I have more trouble accepting that the hockey fitness I’ve built will go away than I do with the fact that I won’t be playing anymore.

I suspect this won’t be a problem once I find a new passion to rebuild myself for, but this is where I am today.

What an interesting journey this is.

Game Over

Three years ago, at CAHA, I was checked in the head. It resulted in one of the worst concussions I’d ever had.

My doctor asked me to think of my health, my future, and consider not playing hockey again. She didn’t say I couldn’t, she just asked that I think about it. She didn’t try to scare me into it, and she fully conceded that giving up such a large part of my life and my identity would not be easy.

I give a lot of credit to my doctor, because she actually got me to consider it. And it was not easy. And I couldn’t do it. I couldn’t walk away from all that hockey was to me with no notice.

I made a compromise. I stopped playing at higher levels of tournament hockey. I learned to protect myself more on the ice. And I told myself that if I ever got another concussion, I’d have to stop playing.

Last Friday, I got another concussion.

There is no second guessing this concussion. I repeated myself for hours. I remember none of what happened that night. I don’t remember ever setting foot on the ice. Aside from two people I waved at in the parking lot on my way in and my goalie, whom I had a conversation with before the game, I have no idea who was at the rink that day.

There is no, “Oh, but I would handle this play differently in the future.” I don’t know what the play was.

This was my last ever hockey game. I remember none of it. It’s probably better that way, because it makes leaving easier.

I’ve known for three years that this day was coming, and I have enjoyed the heck out of every moment on the ice since.

I am at peace with my decision.

That doesn’t mean I don’t cry every time I think about it. I’ll probably cry if you ask me about it, but don’t let that stop you. Grief is normal and necessary. Healthy, even.

I get to reinvent myself now.

Hockey Hiatus Time

And so ends my summer season… with a concussion I can’t remember. I remember telling Ashley the goalie (who we played against in Vacaville) before the game that if my Vacaville team moves up next season I can’t play with them because of my concussion history, and then… here I am at home. I don’t remember any of the game. What happened?

I canceled all my hockey this weekend, then officially called it a season. Taking 6 weeks off, then revisiting what to do.

– – –

Update: 2017-07-27 @ 9:12 PM

I asked a few people who were there what happened. I’m told I was trying to keep a puck in while my opponent was trying to clear it. We were both going straight at each other, collided, and I hit the back of my head on the ice.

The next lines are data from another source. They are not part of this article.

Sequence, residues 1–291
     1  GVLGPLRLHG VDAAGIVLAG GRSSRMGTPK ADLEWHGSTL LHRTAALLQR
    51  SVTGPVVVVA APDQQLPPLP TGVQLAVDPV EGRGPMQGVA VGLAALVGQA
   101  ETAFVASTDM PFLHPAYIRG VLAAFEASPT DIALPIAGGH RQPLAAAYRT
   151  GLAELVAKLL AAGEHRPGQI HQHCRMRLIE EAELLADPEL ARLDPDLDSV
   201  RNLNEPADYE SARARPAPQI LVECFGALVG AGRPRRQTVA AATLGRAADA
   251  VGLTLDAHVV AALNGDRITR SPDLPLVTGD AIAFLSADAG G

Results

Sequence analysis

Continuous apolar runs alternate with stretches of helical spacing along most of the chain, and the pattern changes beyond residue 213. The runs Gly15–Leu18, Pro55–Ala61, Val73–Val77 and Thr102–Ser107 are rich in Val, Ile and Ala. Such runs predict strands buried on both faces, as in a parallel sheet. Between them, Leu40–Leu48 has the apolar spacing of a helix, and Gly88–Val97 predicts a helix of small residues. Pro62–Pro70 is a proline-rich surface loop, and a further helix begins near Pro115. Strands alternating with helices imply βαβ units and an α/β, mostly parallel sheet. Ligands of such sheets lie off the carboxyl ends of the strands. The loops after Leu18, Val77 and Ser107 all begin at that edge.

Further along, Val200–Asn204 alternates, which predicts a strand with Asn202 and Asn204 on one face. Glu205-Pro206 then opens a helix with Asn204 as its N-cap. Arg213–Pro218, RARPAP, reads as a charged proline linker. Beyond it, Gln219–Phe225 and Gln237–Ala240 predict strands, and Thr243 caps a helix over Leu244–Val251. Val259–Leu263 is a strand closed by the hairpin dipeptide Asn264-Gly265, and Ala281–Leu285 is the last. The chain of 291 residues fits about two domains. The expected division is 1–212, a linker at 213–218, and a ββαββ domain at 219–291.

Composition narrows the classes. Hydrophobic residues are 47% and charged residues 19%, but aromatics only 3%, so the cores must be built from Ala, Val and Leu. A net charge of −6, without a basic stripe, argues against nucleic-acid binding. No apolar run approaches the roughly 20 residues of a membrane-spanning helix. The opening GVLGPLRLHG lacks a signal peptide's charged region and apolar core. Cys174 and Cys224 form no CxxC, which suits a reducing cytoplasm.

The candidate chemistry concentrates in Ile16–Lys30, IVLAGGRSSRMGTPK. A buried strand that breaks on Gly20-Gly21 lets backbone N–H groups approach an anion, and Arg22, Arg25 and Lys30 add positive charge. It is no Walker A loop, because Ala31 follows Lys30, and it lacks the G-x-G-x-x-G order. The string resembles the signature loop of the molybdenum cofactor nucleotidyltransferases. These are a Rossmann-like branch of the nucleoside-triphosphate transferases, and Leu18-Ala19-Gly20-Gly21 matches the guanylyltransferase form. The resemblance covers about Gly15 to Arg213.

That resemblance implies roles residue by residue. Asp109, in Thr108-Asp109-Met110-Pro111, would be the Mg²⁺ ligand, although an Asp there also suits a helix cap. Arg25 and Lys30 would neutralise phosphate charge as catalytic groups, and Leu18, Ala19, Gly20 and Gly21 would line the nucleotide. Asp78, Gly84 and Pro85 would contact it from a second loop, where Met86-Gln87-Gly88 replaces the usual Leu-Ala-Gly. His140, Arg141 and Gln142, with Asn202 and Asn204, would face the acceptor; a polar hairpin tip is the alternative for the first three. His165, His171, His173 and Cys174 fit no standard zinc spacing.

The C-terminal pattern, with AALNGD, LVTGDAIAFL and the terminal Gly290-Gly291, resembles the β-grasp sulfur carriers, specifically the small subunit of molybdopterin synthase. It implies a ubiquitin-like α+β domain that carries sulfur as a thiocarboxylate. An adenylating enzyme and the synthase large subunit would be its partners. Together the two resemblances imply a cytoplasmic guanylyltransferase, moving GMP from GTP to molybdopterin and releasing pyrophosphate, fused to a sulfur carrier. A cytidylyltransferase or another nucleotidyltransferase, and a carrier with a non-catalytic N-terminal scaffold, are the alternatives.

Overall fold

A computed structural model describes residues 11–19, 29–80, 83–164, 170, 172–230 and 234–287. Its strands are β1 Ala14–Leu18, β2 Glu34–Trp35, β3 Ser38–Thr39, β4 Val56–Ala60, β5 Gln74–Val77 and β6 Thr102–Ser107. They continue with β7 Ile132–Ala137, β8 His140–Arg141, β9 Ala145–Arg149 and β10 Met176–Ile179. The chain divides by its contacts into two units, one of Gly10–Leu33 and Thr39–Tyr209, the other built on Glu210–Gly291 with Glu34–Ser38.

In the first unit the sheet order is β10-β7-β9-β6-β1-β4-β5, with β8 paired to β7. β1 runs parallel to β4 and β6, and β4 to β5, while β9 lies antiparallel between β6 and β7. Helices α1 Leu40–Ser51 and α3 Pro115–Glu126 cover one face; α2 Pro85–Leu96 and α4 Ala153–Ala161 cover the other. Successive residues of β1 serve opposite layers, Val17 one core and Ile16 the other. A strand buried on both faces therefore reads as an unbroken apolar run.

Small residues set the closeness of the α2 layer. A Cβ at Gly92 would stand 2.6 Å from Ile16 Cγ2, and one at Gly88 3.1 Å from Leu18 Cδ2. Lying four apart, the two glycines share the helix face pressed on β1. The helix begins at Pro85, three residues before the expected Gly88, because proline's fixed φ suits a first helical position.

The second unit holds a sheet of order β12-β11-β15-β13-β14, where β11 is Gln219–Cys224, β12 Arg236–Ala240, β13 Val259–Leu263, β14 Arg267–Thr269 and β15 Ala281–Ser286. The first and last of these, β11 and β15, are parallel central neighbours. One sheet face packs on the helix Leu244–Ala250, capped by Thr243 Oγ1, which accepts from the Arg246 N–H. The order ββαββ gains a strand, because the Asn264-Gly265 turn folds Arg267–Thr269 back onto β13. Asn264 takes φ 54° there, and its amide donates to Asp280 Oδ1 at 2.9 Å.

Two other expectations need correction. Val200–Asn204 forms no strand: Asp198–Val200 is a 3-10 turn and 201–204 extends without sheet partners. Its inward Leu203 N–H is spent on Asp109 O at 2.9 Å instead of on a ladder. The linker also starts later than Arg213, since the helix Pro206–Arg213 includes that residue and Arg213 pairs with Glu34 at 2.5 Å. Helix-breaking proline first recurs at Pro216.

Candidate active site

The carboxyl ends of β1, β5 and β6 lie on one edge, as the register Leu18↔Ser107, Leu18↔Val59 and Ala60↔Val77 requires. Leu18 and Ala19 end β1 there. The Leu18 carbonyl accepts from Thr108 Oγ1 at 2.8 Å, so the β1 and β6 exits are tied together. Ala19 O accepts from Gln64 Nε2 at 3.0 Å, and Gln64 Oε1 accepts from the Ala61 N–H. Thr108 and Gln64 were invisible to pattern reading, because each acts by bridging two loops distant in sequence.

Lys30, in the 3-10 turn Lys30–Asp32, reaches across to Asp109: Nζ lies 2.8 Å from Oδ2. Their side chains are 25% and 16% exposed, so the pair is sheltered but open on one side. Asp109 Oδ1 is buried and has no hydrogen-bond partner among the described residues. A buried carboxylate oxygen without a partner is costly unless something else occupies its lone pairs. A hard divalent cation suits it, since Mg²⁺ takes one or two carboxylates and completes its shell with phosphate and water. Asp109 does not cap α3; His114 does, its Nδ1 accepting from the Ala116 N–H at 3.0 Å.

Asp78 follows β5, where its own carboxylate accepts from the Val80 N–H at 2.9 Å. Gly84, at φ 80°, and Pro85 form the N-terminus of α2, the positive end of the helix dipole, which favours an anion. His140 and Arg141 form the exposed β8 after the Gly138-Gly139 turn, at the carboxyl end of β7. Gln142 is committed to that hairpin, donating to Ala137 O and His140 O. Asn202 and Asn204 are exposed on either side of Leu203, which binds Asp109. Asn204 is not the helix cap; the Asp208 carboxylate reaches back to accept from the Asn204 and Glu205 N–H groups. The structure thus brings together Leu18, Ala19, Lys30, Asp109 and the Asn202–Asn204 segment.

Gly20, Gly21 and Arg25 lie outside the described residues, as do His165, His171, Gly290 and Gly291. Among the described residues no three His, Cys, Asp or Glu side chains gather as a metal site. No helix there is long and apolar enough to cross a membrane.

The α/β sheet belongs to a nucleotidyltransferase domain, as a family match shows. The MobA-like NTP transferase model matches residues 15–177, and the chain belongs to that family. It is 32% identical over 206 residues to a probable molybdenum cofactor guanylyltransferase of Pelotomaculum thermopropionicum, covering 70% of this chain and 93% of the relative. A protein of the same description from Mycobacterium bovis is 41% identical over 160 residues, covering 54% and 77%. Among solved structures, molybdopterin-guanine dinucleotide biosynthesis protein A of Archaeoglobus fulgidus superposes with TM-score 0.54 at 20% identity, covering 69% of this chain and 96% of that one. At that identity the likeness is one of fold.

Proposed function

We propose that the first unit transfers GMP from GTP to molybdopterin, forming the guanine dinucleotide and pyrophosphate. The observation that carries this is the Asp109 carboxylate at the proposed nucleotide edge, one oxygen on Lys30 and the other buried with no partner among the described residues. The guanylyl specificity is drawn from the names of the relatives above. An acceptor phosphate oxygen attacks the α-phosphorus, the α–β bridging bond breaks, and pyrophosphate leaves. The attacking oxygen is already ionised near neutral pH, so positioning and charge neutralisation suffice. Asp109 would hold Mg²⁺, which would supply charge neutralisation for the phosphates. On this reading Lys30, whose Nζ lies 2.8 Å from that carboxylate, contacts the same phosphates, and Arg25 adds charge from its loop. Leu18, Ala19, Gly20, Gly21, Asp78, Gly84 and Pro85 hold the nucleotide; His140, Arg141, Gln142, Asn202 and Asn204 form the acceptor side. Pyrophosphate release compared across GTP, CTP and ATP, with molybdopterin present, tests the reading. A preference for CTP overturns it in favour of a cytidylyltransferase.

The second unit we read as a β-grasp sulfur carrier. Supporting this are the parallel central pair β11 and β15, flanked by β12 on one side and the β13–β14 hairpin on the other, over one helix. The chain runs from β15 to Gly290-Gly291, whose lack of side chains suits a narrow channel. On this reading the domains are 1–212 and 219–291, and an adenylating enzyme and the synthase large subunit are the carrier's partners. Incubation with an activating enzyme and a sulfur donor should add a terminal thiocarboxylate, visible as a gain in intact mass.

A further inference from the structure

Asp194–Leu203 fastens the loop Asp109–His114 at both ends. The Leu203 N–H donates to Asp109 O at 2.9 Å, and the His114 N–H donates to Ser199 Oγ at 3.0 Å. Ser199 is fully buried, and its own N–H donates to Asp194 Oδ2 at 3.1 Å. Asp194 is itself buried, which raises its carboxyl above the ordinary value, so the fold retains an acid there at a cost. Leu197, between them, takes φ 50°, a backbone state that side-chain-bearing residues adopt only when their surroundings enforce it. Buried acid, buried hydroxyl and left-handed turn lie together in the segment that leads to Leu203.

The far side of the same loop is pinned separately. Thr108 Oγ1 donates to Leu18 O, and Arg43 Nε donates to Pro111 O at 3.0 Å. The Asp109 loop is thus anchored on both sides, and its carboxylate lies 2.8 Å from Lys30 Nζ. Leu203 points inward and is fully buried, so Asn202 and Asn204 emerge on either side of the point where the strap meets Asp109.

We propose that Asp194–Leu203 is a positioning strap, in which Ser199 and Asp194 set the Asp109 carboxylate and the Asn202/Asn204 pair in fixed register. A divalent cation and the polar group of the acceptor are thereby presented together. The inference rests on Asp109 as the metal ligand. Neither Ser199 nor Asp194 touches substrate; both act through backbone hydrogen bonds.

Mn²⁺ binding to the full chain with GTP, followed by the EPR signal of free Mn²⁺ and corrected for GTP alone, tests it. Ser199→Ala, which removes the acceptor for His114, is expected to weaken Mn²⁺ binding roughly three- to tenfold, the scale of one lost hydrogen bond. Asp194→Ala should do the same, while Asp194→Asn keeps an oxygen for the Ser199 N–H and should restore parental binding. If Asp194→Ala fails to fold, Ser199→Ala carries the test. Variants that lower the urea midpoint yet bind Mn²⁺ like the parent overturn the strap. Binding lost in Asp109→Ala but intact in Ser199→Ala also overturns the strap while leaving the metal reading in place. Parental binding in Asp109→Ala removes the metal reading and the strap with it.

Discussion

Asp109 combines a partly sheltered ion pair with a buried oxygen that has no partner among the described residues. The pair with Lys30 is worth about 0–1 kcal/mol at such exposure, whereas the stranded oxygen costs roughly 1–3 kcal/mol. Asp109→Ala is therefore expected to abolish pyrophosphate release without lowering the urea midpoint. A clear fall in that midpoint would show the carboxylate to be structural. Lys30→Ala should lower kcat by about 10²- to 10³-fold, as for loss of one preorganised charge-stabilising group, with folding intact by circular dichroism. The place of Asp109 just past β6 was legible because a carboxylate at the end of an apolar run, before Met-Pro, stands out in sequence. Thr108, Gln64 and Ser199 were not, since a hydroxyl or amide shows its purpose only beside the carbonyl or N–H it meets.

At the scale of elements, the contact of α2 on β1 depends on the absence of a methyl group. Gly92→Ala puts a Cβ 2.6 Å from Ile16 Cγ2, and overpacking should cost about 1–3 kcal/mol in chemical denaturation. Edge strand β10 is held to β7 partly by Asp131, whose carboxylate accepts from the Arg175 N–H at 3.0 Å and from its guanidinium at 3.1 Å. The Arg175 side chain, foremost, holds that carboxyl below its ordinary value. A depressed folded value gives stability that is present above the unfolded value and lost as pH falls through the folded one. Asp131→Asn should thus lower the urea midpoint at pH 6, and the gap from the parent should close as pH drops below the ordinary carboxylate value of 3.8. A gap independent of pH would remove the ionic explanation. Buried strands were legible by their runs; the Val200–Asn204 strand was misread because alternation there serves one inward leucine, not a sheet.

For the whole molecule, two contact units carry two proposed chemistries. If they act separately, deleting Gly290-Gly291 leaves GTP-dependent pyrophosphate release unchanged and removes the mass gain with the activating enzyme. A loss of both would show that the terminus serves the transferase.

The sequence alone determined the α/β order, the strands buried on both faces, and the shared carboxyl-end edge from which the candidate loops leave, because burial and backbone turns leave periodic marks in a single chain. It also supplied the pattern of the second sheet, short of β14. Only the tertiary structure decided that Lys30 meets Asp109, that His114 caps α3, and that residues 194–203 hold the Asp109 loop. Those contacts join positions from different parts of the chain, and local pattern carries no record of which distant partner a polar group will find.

I have no idea what the angles were. Did I see him and miscalculate? Or did I never look to see if he was there? I’ll never know.

The Perils of Yoga

4:30 PM – Yoga at work, yay! First yoga in almost half a year.
5:30 PM – Whee, I feel all relaxed and floaty.
6:30 PM – OMG I’m so TIRED.
7:30 PM – Toe pick my face into the boards at pickup because I can’t lift my feet.

Yoga is dangerous.
Neck is gonna be sore.
Brain is okay.

I think that’s a net win.

– – –

Update 2015-07-03 @ 10:53 AM

My body is sore from yoga, but my neck feels fine. Maybe it was still limber from all the yoga-ing?

I forgot to note that when I faceplanted I could feel my neck crack all the way up. After I righted myself, I pulled my head back and cracked everything on the other side all the way down. It was kind of like getting a chiropractic adjustment.

Sick of Rest

I have more good news and bad news.

Good news: I’m playing hockey again. Mostly because I can’t not play hockey.

Bad news: I’m playing hockey with the help of various wrist wraps and a hinged knee brace.

Good news: I went back to the gym today for squats. Endurance is down but strength feels normal.

Bad news: The left patellar tendon pain is back, which meant fewer and lighter squats. I dislike not being able to push hard.

Good news: More momentum, less inertia.

Bad news: This handstand thing is stalling again due to injury. 30×25 is on hold until my wrists feel better.

The funny thing about 30×25 is, I thought about this very scenario when I started. I know my propensity for injury all too well.

These just arrived. Hopefully they’ll give my wrists enough rest and healing time so I can resume beating them up again with hockey, weights, and handstands.

Six

I have now completed six full days of rest, which I consider a euphemism for being a couch potato. I had intended to return to the gym today, but it seems my exercise momentum has turned into lazy ass inertia, and I never even got around to thinking about what I might wear if I were to head gym-ward.

Tomorrow I will continue my couch potato ways until practice, at which point I will have completed seven full days of rest.

Good news: Injuries are healing.
Could be better news: One week is not enough to heal everything.